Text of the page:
Search Images Maps Play YouTube News Gmail Drive More »
Sign in
Screen reader users: click this link for accessible mode. Accessible mode has the same essential features but works better with your reader.

Patents

  1. Advanced Patent Search
Publication numberUS20060177071 A1
Publication typeApplication
Application numberUS 11/052,674
Publication dateAug 10, 2006
Filing dateFeb 7, 2005
Priority dateFeb 7, 2005
Also published asCN101124850A, EP1849334A2, US7680283, WO2006086196A2, WO2006086196A3
Publication number052674, 11052674, US 2006/0177071 A1, US 2006/177071 A1, US 20060177071 A1, US 20060177071A1, US 2006177071 A1, US 2006177071A1, US-A1-20060177071, US-A1-2006177071, US2006/0177071A1, US2006/177071A1, US20060177071 A1, US20060177071A1, US2006177071 A1, US2006177071A1
InventorsKenneth Eskildsen
Original AssigneeHoneywell International, Inc.
Export CitationBiBTeX, EndNote, RefMan
External Links: USPTO, USPTO Assignment, Espacenet
Method and system for detecting a predetermined sound event such as the sound of breaking glass
US 20060177071 A1
Abstract
A method and system for detecting a predetermined sound event, such as the sound of breaking glass. Data representing monitored sounds is stored, such as in a circular buffer, while a preliminary assessment is made in real time as to whether the monitored sounds potentially include the predetermined sound event. If there is a potential correspondence, the already stored, pre-event data is frozen, and additional data including, and following, the event is stored. Next, the stored pre-event and additional data is retrieved from storage and provided to a processor that applies one or more algorithms to determine, with finality, if the event corresponds to the predetermined sound event.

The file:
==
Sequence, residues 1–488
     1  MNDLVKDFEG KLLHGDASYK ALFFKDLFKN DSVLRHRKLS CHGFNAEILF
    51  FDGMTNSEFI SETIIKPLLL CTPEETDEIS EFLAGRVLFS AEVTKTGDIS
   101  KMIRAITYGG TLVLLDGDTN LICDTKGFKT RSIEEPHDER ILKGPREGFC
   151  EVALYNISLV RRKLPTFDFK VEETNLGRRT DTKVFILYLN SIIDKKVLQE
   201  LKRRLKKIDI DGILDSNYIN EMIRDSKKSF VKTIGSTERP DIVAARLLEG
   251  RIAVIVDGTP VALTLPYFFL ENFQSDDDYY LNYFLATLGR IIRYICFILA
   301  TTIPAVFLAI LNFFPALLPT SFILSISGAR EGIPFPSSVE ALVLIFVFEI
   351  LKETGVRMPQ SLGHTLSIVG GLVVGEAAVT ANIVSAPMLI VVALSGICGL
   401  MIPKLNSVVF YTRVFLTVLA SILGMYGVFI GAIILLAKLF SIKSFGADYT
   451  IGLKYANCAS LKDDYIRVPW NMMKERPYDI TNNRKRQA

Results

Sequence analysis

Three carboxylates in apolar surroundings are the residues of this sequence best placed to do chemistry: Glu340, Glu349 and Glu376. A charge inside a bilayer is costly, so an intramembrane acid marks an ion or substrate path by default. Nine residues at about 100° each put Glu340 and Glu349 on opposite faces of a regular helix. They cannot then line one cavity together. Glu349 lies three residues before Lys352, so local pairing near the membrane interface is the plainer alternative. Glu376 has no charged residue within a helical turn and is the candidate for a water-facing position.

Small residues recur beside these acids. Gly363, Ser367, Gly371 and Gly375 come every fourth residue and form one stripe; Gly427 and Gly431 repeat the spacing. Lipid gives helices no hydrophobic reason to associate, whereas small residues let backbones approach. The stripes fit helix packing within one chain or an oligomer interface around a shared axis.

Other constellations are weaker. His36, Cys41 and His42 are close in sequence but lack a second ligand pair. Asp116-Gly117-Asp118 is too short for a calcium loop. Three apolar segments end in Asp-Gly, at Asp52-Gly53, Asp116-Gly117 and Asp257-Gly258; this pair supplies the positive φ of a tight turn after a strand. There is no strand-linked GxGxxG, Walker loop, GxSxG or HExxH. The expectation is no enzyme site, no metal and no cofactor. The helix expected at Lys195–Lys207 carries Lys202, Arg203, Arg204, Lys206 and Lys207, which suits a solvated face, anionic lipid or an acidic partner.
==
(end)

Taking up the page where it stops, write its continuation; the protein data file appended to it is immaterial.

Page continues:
Images(3)
Previous page
Next page
Claims(20)
1. A sound processor for detecting a predetermined sound event, comprising:
a microphone for monitoring sounds;
a storage resource for storing first data representing the monitored sounds over a first time period;
first circuitry for determining if the monitored sounds potentially include the predetermined sound event; and
second circuitry responsive to the first circuitry for storing second data representing the monitored sounds over a second time period that follows the first time period when the first circuitry determines that the monitored sounds potentially include the predetermined sound event.
2. The sound processor of claim 1, wherein:
the predetermined sound event comprises a glass break event.